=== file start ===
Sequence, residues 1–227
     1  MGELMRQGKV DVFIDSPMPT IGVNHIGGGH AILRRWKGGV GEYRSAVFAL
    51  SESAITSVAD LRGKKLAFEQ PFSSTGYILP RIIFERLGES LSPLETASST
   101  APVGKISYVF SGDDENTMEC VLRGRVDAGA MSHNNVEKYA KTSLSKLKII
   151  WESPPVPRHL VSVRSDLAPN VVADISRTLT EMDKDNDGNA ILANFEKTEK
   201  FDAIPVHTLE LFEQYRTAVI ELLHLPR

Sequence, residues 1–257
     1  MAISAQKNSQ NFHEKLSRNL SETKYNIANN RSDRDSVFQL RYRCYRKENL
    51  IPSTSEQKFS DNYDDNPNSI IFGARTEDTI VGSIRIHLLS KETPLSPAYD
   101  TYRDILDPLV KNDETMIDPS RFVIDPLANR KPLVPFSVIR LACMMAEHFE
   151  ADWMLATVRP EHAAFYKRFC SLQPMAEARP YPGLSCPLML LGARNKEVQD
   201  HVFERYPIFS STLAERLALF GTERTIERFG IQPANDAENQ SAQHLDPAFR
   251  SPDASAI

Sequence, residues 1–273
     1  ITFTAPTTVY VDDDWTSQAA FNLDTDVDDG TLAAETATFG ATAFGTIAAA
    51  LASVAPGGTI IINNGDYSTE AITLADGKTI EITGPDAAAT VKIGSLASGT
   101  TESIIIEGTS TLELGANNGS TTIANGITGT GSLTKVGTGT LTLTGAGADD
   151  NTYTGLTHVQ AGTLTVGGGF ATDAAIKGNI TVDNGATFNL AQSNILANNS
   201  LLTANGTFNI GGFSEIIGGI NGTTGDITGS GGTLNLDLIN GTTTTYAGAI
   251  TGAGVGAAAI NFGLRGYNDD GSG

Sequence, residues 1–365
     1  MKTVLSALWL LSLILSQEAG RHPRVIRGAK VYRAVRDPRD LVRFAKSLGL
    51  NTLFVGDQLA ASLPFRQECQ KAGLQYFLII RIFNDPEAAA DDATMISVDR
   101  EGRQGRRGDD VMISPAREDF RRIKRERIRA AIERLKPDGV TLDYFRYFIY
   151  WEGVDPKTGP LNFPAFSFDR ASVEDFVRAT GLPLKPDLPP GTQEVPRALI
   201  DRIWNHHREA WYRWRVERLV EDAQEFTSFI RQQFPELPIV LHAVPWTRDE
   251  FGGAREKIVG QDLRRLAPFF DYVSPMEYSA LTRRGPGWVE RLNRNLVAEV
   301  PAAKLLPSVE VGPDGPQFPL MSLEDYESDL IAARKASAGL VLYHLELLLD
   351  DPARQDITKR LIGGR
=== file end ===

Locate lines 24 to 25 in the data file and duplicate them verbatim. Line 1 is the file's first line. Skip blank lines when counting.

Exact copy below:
   101  EGRQGRRGDD VMISPAREDF RRIKRERIRA AIERLKPDGV TLDYFRYFIY
   151  WEGVDPKTGP LNFPAFSFDR ASVEDFVRAT GLPLKPDLPP GTQEVPRALI